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View Customization

View customization allows you to extend or replace any view within a Spree store. This guide explains the options available, including:

  • Using Deface for view customization
  • Replacing entire view templates

Be sure to read the other customization methods available in the Customization Overview page.

h3. Using Deface

Deface is a standalone Rails 3 library that enables you to customize Erb templates without needing to directly edit the underlying view file. Deface allows you to use standard CSS3 style selectors to target any element (including Ruby blocks), and perform an action against all the matching elements.

For example, take the Checkout Registration template, which looks like this:

  1. app/views/spree/checkout/registration.html.erb

<%= render :partial => ‘spree/shared/error_messages’, :locals => { :target => @user } >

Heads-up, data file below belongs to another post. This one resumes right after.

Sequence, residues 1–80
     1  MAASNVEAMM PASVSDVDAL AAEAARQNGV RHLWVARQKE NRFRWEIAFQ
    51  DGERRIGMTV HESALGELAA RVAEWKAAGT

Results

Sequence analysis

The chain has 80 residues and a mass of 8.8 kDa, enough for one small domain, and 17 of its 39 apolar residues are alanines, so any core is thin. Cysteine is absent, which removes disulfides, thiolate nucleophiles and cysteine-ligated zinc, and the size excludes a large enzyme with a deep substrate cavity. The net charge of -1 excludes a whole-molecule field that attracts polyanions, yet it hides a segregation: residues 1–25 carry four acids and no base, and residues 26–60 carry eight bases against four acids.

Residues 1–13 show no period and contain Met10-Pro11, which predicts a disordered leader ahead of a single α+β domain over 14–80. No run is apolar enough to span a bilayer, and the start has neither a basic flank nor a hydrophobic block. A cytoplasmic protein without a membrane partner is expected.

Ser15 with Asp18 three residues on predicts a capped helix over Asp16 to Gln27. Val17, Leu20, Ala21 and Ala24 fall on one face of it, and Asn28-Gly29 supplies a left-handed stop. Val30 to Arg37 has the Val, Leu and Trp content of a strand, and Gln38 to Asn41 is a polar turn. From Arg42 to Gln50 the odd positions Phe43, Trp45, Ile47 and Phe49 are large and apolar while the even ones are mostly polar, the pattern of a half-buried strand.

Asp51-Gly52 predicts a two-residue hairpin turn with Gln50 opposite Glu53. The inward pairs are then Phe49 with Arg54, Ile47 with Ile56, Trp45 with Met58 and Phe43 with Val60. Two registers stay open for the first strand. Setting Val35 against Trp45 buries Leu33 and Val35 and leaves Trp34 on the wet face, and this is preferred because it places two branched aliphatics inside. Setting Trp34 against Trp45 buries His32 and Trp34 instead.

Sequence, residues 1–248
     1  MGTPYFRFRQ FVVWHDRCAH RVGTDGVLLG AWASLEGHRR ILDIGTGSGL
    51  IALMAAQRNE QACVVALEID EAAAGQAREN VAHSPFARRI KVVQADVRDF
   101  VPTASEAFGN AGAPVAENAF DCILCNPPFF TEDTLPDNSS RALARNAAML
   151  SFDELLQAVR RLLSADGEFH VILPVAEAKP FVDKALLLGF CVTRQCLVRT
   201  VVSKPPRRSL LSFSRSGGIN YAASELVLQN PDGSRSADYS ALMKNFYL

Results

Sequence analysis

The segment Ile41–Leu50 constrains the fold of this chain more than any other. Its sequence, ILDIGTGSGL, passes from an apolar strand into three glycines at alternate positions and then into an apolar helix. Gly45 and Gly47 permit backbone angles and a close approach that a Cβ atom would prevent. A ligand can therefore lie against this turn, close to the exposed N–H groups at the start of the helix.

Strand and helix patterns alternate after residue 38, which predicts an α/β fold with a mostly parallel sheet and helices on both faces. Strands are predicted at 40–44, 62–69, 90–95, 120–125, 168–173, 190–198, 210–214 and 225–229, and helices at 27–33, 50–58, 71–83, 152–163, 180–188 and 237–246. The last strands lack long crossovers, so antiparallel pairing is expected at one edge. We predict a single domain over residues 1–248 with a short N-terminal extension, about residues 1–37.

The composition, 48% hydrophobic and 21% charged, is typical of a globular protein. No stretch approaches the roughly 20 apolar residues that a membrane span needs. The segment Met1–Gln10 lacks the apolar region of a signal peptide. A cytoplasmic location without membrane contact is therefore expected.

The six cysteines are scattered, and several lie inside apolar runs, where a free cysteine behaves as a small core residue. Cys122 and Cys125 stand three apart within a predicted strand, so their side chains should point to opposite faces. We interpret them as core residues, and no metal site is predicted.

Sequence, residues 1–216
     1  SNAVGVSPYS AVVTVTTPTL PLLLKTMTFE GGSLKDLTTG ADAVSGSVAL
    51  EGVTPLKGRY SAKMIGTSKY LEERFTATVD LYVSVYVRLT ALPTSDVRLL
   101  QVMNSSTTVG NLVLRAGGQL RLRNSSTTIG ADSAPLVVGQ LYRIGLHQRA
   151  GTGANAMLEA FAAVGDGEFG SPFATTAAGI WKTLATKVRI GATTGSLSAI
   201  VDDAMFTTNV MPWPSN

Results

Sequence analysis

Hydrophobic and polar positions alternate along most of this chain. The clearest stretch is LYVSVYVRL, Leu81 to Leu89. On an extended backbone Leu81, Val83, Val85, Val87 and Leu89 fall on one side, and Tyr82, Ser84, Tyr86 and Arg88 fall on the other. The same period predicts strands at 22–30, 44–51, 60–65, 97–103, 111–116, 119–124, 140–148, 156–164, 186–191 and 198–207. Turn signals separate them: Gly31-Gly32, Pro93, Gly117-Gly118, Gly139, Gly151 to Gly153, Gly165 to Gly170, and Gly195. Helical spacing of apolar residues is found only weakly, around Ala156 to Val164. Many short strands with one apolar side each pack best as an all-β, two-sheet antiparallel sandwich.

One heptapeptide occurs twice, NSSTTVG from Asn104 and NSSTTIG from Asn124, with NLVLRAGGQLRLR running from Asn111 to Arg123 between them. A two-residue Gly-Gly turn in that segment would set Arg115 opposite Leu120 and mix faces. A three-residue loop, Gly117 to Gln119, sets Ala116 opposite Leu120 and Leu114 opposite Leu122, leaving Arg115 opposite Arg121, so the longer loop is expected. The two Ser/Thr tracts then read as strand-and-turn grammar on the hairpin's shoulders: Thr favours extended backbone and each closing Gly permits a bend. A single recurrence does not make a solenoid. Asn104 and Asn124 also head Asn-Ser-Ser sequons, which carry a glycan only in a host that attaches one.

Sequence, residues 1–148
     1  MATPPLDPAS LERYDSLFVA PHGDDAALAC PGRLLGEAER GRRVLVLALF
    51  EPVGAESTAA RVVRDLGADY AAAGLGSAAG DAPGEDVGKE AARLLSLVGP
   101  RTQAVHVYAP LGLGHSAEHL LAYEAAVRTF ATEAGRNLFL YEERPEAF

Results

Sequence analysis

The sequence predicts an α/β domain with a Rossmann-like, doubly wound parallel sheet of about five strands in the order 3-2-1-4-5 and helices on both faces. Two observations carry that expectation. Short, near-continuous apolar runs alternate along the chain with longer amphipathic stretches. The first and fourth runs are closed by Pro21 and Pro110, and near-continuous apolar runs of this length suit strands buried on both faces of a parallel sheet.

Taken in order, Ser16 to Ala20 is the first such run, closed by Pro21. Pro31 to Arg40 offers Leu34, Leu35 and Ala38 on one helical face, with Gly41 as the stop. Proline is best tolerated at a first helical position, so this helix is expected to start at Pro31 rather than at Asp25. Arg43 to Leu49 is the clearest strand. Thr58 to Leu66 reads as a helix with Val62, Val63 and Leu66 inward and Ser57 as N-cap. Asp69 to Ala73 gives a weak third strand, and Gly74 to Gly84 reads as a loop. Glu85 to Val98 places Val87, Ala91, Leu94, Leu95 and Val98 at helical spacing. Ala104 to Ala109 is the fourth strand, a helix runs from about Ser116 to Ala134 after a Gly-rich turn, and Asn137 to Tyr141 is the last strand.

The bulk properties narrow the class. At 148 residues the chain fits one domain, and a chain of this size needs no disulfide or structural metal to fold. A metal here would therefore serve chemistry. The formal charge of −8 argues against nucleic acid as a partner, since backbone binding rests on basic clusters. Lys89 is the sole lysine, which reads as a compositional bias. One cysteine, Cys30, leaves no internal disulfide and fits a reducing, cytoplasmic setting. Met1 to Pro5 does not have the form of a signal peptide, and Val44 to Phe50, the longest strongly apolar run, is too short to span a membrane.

= t(:registration) %>

<% if Spree::Config[:allow_guest_checkout] %>
<%= render :partial => ‘spree/shared/error_messages’, :locals => { :target => @order } %>

<%= t(:guest_user_account) %>

<%= form_for @order, :url => update_checkout_registration_path, :method => :put, :html => { :id => ‘checkout_form_registration’ } do |f| %>

<%= f.label :email, t(:email) %>
<%= f.email_field :email, :class => ‘title’ %>

<%= f.submit t(:continue), :class => ‘button primary’ %>

<% end %>
<% end %>

If you wanted to insert some code just before the #registration div on the page you would define an override as follows: => “spree/checkout/registration”,
:insert_before => “div#registration”,
:text => “

Registration is the future!

:name => “registration_future”)

This override inserts <p>Registration is the future!</p> before the div with the id of “registration”.

Available actions